Thoughts on startups by investors that
fund them & entrepreneurs that run them

Blog Archives

Due Diligence Is A Two-Way Street

Investors regularly confuse entrepreneurs with their various approaches to validating deals prior to investment (a process called “due diligence”).   A few seed stage investors (angels, super angels or seed stage VCs) have coffee with an entrepreneur and quickly learn enough to write checks.  Other investors or groups of investors study deals for months before investing.  Why do some investors take

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Why Sweat Equity Often Stinks

Posted by on March 6th, 2013

Somebody asked for standard boilerplate for sweat equity via the ask-me page on my website.

I am looking for a contract template which states an agreement for services in exchange for equity. I was hoping that you would have a template that you can share.

That’s not going to happen. Fundamental sweat equity is beautiful, blisteringly clear, and real. It needs

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Raising Your Hand as Due Diligence Lead for Angel Groups

Through Rob Wiltbank’s ground-breaking study in 2007, angels in groups learned that collective due diligence on new deals really pays off.  The 538 angels included in this study enjoyed 2.6X returns over the life of their investments.  However, for deals on which collective due diligence totally less than 20 hours, returns were only 1.1X.  But, deals on which angel put

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What? Avoiding Undue Diligence? Seriously?

I suspect this is one of those provocative posts that gets misquoted, misaligned and misunderstood, and definitely not to be taken at face value. Still, read  Avoiding Undue Diligence: My Strange Approach To Angel Investing, in which Dharmesh Shah argues against due diligence in angel investment.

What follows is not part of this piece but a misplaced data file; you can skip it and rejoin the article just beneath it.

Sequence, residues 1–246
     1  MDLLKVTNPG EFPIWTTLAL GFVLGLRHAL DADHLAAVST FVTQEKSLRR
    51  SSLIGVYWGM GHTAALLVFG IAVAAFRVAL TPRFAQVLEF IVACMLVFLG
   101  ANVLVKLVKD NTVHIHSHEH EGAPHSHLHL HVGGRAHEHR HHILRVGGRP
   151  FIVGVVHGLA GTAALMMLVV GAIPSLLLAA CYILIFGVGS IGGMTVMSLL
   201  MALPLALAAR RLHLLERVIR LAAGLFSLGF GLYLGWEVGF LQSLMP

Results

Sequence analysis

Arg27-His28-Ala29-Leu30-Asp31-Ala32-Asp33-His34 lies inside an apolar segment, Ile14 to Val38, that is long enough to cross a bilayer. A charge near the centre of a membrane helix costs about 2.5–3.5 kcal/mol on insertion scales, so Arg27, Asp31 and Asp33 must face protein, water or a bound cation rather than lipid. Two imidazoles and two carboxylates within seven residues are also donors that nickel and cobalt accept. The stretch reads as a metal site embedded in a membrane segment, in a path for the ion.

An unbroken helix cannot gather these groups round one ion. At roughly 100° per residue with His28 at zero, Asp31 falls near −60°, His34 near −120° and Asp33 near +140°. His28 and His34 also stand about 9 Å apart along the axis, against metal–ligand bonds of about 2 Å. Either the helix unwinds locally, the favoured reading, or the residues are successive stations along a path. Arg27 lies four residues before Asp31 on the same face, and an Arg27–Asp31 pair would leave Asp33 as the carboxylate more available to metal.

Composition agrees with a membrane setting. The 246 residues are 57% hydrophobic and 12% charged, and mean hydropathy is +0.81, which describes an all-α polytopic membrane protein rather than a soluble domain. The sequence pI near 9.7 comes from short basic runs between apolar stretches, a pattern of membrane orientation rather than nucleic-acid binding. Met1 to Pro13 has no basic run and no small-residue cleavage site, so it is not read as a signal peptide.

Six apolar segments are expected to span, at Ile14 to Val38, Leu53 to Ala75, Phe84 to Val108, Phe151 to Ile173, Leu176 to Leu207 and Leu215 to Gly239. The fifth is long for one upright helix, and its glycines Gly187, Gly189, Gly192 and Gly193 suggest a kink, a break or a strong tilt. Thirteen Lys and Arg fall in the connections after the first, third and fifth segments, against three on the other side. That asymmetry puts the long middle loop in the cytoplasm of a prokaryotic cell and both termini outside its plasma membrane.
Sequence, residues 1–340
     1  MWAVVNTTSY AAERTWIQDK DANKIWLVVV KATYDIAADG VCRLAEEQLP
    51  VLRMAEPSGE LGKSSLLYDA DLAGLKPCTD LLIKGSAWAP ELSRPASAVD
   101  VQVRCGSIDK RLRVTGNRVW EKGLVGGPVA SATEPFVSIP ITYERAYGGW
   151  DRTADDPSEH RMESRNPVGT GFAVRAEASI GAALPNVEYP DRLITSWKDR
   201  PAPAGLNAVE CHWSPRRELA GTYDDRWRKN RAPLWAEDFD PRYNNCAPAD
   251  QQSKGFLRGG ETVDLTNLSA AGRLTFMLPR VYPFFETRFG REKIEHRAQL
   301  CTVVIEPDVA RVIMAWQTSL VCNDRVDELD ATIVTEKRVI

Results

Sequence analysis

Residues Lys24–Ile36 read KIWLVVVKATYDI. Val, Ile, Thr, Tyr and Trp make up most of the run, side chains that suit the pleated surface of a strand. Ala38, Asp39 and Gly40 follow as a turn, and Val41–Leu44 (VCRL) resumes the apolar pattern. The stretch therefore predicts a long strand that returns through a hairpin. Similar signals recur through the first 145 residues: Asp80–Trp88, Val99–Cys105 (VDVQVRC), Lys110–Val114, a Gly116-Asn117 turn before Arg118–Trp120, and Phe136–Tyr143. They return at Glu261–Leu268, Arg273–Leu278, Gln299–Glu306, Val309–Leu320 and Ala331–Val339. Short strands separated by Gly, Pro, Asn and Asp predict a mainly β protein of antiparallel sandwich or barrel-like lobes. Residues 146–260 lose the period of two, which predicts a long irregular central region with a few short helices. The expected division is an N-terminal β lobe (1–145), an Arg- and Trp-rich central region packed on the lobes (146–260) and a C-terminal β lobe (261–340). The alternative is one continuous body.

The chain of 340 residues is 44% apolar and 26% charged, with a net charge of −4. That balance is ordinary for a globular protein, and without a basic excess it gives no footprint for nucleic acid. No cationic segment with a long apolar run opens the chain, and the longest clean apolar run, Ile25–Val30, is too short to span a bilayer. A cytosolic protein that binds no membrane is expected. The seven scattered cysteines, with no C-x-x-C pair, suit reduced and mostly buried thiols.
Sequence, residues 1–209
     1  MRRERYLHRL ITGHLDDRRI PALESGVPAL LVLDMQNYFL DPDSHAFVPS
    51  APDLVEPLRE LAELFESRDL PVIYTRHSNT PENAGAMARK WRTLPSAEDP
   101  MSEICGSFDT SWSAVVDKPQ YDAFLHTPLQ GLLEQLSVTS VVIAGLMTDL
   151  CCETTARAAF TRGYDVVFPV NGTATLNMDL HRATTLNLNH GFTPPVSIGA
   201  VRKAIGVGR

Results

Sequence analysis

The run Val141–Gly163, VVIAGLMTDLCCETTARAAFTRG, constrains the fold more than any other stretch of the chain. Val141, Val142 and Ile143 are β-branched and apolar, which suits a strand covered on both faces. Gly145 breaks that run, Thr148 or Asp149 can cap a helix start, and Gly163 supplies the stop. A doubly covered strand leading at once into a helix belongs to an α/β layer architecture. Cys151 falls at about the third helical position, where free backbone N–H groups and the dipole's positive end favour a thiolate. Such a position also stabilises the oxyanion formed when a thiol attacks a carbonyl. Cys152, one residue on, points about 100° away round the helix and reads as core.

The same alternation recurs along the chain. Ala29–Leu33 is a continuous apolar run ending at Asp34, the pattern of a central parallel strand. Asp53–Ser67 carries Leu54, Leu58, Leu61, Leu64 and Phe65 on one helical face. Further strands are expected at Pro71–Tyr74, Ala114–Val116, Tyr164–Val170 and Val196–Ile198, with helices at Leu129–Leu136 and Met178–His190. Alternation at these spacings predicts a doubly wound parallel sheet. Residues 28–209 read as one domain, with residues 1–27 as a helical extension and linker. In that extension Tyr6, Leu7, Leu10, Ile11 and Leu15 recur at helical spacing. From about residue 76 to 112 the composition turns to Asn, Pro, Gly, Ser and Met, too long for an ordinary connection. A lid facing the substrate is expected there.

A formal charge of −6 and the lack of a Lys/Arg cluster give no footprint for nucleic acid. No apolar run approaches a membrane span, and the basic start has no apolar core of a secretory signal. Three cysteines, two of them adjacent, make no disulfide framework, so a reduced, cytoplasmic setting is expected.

Angel Investors Do Make Money, Data Shows 2.5x Returns Overall

I began studying angel investing returns about 10 years ago as a result of a problem I couldn’t resolve: The investing world seemed certain that angel investors were rubes. Conventional wisdom dictated that they made reckless investments in very early-stage ventures mostly doomed to fail. And whenever they might come close to succeeding, savvy “professional” investors would just swoop in,

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Convertible Debt, Priced Equity Rounds and Deal Timing

An impromptu Twitter debate arose among Fred Wilson, Dave McClure, Mark Suster, Chris Dixon and others about convertible debt, priced equity rounds, and the nuances of early stage financing. It was such a good discussion that Fred asked that someone Storify it. I’ve done that here and expanded it with some additional references, background info and light commentary.

http://storify.com/antonejohnson/convertible-debt-priced-equity-rounds-and-timing

Convertible Debt: Worst Form Of Seed Financing — Except For All The Others

How to finance a new seed-stage startup?  Equity?  Convertible debt?  Convertible equity?

As of August 2010, Paul Graham famously proclaimed, “Convertible notes have won. Every investment so far in this YC batch (and there have been a lot) has been done on a convertible note.”  Yet in my little corner of Wonksville, Founder Institute CEO Adeo Ressi and Yoichiro “Yokum”

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Sideways Startups: Donating Private Stock

Typically, Americans give cash when it comes to charitable contributions. However, for investors and founders, it may be helpful to think outside the box when it comes to giving.

Donations of private stock enable investors, founders and employees to support charitable causes and contribute to the community while receiving simultaneous benefits in the form of substantial cash savings from

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2011 Halo Report :: US Angel Group Activity

At the Angel Capital Association (ACA) Summit in Austin in March, the Angel Resource Institute reported on angel group activity in 2001 in the first annual Halo Report.  I found some of the results quite interesting.  For example:

The median round of investment by group was about $700,000 but less than $300,000 was invested by the local group leading the

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The Problem with Private Placement Memorandums (PPMs)

The sale of equity in private companies is regulated by the Securities Act of 1933, which requires that the company either register with the SEC or meet one of several exemptions (Reg D).  A Private Placement Memorandum (PPM) is a special business plan defined to meet an SEC exemption.  In most cases, those entrepreneurs choosing to raise capital using PPMs

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